Cold War Horse vandalism was not random, JeffCo says

Jefferson County authorities say the vandalism of a controversial piece of artwork on Highway 72 was not a random act. 9NEWS at 5 p.m. 09/08/15.

JEFFERSON COUNTY - Jefferson County authorities say the vandalism of a controversial piece of artwork on Highway 72 was not a random act.

Many 9NEWS viewers noticed a red horse in a field near Rocky Flats. The Cold War Horse just went on display a couple weeks ago. It's outfitted with a gas mask and a hazmat suit. 

The artist, 31-year-old Jeff Gipe, wanted wanted people who saw the horse to remember Rocky Flats - a nuclear weapons production facility - and the people who worked there. 

The Cold War Horse was knocked down and repeatedly struck with a hammer in the middle of the night, according to JeffCo. The amount of work that went into the vandalism tells investigators it was planned.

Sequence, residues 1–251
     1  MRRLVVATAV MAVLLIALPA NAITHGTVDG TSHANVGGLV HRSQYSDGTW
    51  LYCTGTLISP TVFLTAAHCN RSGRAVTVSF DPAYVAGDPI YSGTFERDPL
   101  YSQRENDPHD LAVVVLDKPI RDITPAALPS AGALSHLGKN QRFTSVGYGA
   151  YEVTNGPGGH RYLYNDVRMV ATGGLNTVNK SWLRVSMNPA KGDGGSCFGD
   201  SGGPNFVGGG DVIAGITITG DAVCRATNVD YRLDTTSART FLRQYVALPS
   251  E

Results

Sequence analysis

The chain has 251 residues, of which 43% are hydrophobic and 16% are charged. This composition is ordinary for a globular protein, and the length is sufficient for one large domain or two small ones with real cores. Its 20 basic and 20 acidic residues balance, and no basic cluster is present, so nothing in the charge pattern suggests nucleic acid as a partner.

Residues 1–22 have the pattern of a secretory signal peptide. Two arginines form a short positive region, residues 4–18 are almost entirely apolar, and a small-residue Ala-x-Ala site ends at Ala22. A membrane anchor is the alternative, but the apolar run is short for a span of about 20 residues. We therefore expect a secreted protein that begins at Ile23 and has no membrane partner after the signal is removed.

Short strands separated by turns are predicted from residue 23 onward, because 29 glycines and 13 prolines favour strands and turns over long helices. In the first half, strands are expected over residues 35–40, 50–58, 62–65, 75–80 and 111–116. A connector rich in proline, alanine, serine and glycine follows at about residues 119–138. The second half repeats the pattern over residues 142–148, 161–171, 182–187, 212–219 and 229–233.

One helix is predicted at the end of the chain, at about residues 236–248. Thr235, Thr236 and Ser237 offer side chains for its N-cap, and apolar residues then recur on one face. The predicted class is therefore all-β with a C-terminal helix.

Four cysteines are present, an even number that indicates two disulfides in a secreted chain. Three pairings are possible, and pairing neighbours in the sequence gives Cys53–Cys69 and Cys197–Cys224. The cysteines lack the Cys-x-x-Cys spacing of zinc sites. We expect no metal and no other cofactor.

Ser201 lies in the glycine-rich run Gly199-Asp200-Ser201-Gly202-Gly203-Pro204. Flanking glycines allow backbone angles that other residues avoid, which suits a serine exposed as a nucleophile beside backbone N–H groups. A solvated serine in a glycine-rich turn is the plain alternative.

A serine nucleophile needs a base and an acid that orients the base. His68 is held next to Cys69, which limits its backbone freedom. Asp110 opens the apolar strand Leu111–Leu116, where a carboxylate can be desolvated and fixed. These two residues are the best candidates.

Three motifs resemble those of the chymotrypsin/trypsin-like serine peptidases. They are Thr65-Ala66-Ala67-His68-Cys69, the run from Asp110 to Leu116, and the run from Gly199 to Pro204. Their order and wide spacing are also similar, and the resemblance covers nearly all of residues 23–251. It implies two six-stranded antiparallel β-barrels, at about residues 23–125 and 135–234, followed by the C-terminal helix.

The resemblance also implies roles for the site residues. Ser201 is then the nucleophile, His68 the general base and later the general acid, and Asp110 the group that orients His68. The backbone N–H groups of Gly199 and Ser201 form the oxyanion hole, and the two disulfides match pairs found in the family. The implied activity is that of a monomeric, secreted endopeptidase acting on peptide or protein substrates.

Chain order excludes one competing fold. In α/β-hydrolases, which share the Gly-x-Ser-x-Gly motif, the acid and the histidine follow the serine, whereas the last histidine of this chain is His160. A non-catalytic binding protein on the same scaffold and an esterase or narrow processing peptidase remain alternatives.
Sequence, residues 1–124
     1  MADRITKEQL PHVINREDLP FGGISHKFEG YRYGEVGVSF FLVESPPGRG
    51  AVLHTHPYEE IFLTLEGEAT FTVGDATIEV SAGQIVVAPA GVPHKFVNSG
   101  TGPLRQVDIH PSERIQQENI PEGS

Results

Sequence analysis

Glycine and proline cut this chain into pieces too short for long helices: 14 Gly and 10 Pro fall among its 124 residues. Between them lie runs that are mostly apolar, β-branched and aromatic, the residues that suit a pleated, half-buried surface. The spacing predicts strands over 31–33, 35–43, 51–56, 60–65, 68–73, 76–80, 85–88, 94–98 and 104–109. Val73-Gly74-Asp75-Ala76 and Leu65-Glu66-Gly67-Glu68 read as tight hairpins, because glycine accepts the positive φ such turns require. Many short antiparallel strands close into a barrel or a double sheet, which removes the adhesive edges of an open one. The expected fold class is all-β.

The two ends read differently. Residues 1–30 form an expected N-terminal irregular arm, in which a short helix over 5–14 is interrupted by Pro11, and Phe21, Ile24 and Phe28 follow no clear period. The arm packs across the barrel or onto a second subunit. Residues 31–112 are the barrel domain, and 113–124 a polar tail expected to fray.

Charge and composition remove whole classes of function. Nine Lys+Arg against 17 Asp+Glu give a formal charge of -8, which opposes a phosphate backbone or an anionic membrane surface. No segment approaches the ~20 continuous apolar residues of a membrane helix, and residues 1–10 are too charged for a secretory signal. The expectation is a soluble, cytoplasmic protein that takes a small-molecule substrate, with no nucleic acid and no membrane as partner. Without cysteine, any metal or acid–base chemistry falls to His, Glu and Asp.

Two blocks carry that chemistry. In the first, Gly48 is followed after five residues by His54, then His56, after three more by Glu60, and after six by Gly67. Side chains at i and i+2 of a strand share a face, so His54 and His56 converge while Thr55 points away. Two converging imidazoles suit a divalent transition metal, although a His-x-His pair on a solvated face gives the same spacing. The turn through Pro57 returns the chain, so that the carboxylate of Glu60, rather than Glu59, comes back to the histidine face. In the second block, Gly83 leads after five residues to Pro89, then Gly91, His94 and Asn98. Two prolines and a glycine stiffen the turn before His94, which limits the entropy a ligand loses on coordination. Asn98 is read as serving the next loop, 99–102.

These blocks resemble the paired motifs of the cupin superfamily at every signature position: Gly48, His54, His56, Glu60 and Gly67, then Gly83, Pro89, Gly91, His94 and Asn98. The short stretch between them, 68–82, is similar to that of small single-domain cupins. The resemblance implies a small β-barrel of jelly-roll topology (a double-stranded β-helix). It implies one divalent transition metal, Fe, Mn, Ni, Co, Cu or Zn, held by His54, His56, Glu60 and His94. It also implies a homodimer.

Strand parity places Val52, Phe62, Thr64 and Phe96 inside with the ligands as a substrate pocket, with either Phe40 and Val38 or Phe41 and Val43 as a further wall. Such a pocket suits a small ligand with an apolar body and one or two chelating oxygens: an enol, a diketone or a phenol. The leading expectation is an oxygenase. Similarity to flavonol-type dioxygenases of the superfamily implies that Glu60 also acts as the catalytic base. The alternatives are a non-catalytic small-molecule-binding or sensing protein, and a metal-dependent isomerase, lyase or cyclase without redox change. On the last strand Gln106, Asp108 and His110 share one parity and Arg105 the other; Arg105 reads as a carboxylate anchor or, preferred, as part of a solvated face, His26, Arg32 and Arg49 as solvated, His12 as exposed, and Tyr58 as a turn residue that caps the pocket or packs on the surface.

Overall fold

Gipe believes the person responsible for the vandalism had an invested interest to get rid of it. Gipe said the only negative feedback he's received about the Cold War Horse came from a developer in a newer subdivision in the area.

The next step will be repairing the horse, according to Gipe, which could take months. A dedication for the Cold War Horse is scheduled for Oct. 18 and will go on as planned - without the horse.

The Jefferson County Sheriff's Office is asking for help finding the person responsible.

(© 2015 KUSA)


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